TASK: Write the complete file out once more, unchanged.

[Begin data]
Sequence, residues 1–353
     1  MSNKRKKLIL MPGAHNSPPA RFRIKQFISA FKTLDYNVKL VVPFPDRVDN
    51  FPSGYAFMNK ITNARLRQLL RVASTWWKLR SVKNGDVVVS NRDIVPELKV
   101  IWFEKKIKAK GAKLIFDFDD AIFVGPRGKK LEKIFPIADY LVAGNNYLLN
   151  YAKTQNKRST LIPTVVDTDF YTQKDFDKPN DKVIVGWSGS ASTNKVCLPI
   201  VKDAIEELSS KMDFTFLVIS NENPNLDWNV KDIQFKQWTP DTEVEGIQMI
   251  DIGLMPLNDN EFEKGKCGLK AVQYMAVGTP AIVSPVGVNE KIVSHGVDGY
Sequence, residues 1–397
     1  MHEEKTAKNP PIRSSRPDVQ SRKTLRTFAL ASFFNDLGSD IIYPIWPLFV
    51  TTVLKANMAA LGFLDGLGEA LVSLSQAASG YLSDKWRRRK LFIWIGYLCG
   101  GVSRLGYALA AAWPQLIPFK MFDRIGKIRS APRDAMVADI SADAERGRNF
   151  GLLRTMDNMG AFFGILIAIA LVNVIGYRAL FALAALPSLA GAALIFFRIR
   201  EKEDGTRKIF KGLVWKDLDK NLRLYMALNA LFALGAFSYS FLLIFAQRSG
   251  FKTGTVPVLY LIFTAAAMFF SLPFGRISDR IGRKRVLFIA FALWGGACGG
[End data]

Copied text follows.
Sequence, residues 1–353
     1  MSNKRKKLIL MPGAHNSPPA RFRIKQFISA FKTLDYNVKL VVPFPDRVDN
    51  FPSGYAFMNK ITNARLRQLL RVASTWWKLR SVKNGDVVVS NRDIVPELKV
   101  IWFEKKIKAK GAKLIFDFDD AIFVGPRGKK LEKIFPIADY LVAGNNYLLN
   151  YAKTQNKRST LIPTVVDTDF YTQKDFDKPN DKVIVGWSGS ASTNKVCLPI
   201  VKDAIEELSS KMDFTFLVIS NENPNLDWNV KDIQFKQWTP DTEVEGIQMI
   251  DIGLMPLNDN EFEKGKCGLK AVQYMAVGTP AIVSPVGVNE KIVSHGVDGY
Sequence, residues 1–397
     1  MHEEKTAKNP PIRSSRPDVQ SRKTLRTFAL ASFFNDLGSD IIYPIWPLFV
    51  TTVLKANMAA LGFLDGLGEA LVSLSQAASG YLSDKWRRRK LFIWIGYLCG
   101  GVSRLGYALA AAWPQLIPFK MFDRIGKIRS APRDAMVADI SADAERGRNF
   151  GLLRTMDNMG AFFGILIAIA LVNVIGYRAL FALAALPSLA GAALIFFRIR
   201  EKEDGTRKIF KGLVWKDLDK NLRLYMALNA LFALGAFSYS FLLIFAQRSG
   251  FKTGTVPVLY LIFTAAAMFF SLPFGRISDR IGRKRVLFIA FALWGGACGG